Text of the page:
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Alexandria Ocasio-Cortez approves of Harry Styles’ Vogue cover: ‘It looks bomb’

Rep. Alexandria Ocasio-Cortez
Rep. Alexandria Ocasio-Cortez has weighed in on singer Harry Styles’ buzzy Vogue cover.
(Frank Franklin II / Associated Press)

One of the most fashionable members of Congress, Rep. Alexandria Ocasio-Cortez, has voted in favor of Harry Styles’ provocative Vogue photo shoot.

On Saturday, the New York congresswoman weighed in on the magazine’s December issue, which features Styles rocking a ruffled, floor-length Gucci gown and navy tuxedo jacket on the cover.

When asked on Instagram for her thoughts on the pop star’s decision to wear “a dress on the cover of Vogue,” Ocasio-Cortez called the fashion moment “wonderful.”

“The masculine and feminine elements are balanced beautifully,” she wrote. “The hair and jacket styling give me James Dean vibes too. Some people are mad at it bc some folks are very sensitive to examining and exploring gender roles in society.”

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Pop musician Harry Styles is the first man ever to grace a Vogue magazine cover solo, and his high-fashion photo shoot does not disappoint.

Some of those folks include conservative pundits Candace Owens and Ben Shapiro, who drew sharp criticism on social media last week for shaming Styles while others celebrated him. The latter slammed Styles’ groundbreaking Vogue spread as a “referendum on masculinity” after Owens called on “society” to “bring back manly men.”

“Perhaps for some people it provokes some anger or insecurity around masculinity/femininity/etc.,” Ocasio-Cortez continued. “If it does, then maybe that’s part of the point. Sit with that reaction and think about it, examine it, explore it, engage it, and grow with it.”

The former One Direction heartthrob, who just won an American Music Award for his latest album, “Fine Line,” made history earlier this month as the first man to appear solo on the cover of Vogue.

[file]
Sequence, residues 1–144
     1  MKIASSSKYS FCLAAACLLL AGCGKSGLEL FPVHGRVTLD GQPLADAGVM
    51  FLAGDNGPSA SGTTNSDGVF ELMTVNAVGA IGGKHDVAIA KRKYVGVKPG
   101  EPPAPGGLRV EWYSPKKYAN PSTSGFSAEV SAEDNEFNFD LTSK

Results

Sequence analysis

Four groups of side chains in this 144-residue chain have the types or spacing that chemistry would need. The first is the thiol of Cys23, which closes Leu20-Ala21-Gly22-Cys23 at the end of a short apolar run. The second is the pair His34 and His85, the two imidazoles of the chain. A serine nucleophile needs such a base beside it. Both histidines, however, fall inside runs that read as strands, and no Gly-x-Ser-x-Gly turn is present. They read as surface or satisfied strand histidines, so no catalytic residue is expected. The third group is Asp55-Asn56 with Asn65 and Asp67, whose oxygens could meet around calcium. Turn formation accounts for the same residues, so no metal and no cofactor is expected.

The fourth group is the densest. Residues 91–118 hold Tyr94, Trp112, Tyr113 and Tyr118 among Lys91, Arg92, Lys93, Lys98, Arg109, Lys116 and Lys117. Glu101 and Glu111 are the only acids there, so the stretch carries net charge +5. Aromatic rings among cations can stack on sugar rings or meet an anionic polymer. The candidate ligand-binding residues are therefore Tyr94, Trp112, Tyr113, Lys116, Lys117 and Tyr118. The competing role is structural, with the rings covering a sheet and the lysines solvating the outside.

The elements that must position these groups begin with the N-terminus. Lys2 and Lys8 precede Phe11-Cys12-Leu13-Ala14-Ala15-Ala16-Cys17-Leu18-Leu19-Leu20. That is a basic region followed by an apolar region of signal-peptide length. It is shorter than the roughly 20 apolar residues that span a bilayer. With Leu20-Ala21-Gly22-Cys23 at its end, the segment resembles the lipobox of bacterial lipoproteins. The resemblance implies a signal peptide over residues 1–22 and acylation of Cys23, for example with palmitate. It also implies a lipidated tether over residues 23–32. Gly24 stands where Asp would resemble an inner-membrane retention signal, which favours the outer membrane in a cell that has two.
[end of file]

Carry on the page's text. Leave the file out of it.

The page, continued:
Among the other stylish looks included in the shoot were a Victoriana crinoline skirt with hot pink accents, a matching kilt and blazer, vibrant overcoats and Styles’ high-waisted flare pants.

“What’s the point of creating things if they don’t make people think? Or feel? Or reflect?” Ocasio-Cortez added. “Especially as an artist or creative? Who wants to see the same things all the time? And never explore their assumptions? Anyways it looks bomb so.”

Trixie Mattel, Olivia Wilde, Jameela Jamil and other celebs shut down Candace Owens’ and Ben Shapiro’s criticism of Harry Styles wearing a dress in Vogue.

In conversation with Vogue’s Hamish Bowles, Styles argued, “you can never be overdressed” and credited Prince, David Bowie, Elvis Presley, Freddie Mercury and Elton John with inspiring him to embrace all kinds of fashion.

“I think if you get something that you feel amazing in, it’s like a superhero outfit,” he said. “Clothes are there to have fun with and experiment with and play with. What’s really exciting is that all of these lines are just kind of crumbling away.

“When you take away ‘There’s clothes for men and there’s clothes for women,’ once you remove any barriers, obviously you open up the arena in which you can play.”


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